Analysis of molecules that travel from the brain into the blood could enable noninvasive monitoring of gene expression in the organ, according to research published in Nature Biotechnology.
Monitoring gene expression in the brain could generate insights into cognitive behaviors and the onset of neurological diseases. However, the tools available for monitoring the living brain are limited. Researchers have developed tools based on MRI, ultrasound, and other technologies, but they have limitations such as low sensitivity. The analysis of brain tissue is more sensitive, but it is also invasive.
As such, there remains a need for a method that is noninvasive, sensitive enough to measure expression in a small number of cells anywhere in the brain, repeatable, capable of simultaneously imaging multiple molecule types, and inexpensive and accessible to many research laboratories.
The Nature Biotechnology paper describes an attempt to develop such a test by monitoring engineered reporters called released markers of activity (RMAs). Neurons secrete the genetically-encoded reporters of gene expression into the interstitial space of the brain. From there, RMAs cross the blood–brain barrier and enter the bloodstream.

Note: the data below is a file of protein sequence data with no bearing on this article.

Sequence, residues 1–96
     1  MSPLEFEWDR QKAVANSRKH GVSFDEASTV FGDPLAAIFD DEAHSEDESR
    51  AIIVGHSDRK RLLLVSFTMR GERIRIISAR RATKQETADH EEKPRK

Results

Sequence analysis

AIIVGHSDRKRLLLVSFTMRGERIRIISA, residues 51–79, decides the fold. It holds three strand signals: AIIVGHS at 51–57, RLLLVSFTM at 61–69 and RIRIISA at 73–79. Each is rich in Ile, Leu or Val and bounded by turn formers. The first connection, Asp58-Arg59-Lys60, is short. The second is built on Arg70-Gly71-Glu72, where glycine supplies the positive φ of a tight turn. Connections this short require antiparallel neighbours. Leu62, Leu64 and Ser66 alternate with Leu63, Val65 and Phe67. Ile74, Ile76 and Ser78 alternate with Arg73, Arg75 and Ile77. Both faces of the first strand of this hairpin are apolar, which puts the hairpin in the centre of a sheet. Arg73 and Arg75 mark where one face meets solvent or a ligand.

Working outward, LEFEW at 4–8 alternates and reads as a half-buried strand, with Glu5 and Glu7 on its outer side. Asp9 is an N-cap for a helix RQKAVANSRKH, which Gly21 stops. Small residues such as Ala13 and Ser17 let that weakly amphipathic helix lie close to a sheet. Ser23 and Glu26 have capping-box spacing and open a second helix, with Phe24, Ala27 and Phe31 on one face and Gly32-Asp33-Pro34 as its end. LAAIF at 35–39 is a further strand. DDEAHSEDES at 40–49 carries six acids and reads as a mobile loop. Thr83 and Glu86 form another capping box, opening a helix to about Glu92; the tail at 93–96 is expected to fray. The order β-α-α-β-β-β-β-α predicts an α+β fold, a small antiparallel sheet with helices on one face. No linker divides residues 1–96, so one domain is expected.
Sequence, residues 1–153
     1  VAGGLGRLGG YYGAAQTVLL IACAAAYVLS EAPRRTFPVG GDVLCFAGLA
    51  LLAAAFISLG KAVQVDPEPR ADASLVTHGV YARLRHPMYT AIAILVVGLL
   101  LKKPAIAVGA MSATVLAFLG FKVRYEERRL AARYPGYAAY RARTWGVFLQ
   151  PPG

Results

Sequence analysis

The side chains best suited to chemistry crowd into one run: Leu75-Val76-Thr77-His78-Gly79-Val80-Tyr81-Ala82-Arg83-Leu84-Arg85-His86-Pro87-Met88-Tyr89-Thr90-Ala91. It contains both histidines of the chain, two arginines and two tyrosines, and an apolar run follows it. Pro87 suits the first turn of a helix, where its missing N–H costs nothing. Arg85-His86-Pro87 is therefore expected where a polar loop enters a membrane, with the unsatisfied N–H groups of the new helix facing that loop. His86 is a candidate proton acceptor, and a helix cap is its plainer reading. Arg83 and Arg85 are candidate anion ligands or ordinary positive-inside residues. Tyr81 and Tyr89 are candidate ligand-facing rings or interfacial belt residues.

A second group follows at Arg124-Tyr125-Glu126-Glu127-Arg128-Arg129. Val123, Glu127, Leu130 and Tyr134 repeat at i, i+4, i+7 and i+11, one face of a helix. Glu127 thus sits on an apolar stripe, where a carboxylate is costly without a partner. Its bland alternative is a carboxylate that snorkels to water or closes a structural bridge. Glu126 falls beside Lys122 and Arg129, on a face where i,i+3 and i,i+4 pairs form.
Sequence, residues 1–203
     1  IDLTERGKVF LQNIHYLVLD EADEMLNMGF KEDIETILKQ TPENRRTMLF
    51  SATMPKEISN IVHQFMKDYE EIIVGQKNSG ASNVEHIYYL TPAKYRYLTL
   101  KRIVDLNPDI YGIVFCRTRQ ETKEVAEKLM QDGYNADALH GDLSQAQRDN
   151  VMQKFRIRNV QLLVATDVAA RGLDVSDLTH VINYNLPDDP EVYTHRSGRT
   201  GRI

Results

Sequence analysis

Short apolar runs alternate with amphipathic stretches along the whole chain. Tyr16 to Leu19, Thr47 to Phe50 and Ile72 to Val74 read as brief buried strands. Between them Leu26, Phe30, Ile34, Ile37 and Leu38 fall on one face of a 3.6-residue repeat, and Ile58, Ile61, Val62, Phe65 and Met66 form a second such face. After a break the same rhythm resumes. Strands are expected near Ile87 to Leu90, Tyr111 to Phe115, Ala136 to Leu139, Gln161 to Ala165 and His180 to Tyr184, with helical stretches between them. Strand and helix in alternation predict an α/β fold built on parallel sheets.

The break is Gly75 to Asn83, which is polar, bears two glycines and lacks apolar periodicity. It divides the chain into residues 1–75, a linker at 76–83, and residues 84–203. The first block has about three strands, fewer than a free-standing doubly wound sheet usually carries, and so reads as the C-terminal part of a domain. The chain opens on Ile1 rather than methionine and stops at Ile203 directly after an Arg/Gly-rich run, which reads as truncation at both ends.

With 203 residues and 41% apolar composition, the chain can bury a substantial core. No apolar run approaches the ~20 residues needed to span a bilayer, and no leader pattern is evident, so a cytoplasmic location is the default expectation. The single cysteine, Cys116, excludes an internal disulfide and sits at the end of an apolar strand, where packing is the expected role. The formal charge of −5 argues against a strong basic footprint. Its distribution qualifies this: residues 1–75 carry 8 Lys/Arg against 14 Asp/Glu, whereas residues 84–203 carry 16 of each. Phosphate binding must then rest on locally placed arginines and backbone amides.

Once RMAs are in the blood, they can be detected using any sensitive biochemical method. Scientists at Rice University showed the potential of the method by expressing RMAs in multiple regions in the brains of mice and then measuring their levels in blood samples. The approach was sensitive enough to detect RMAs expressed by tens to hundreds of neurons.
Jerzy Szablowski, an assistant professor of bioengineering at Rice, outlined how the sensitivity of the blood test and its ability to track changes in specific cells could improve understanding of the brain in a statement.
“Being able to track different gene expression changes will allow us to understand what leads to disease and how the disease itself changes gene expression in the brain. This could provide new clues for drug development, or even for how to prevent neurological diseases in the first place,” Szablowski said.
Szablowski also sees applications in the monitoring of therapies that target the brain. The RMA platform could monitor the effect of gene therapies in the brain to assess the durability of the potential one-time treatments.